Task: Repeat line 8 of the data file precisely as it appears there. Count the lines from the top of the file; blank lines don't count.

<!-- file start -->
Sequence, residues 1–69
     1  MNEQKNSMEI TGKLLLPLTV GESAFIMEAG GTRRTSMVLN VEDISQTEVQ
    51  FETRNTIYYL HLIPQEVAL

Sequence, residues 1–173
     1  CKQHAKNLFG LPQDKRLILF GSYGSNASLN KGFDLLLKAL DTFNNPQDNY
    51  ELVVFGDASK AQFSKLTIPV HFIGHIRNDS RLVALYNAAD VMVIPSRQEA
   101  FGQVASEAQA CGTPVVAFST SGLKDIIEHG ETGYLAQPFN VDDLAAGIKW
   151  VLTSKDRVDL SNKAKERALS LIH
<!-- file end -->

   151  VLTSKDRVDL SNKAKERALS LIH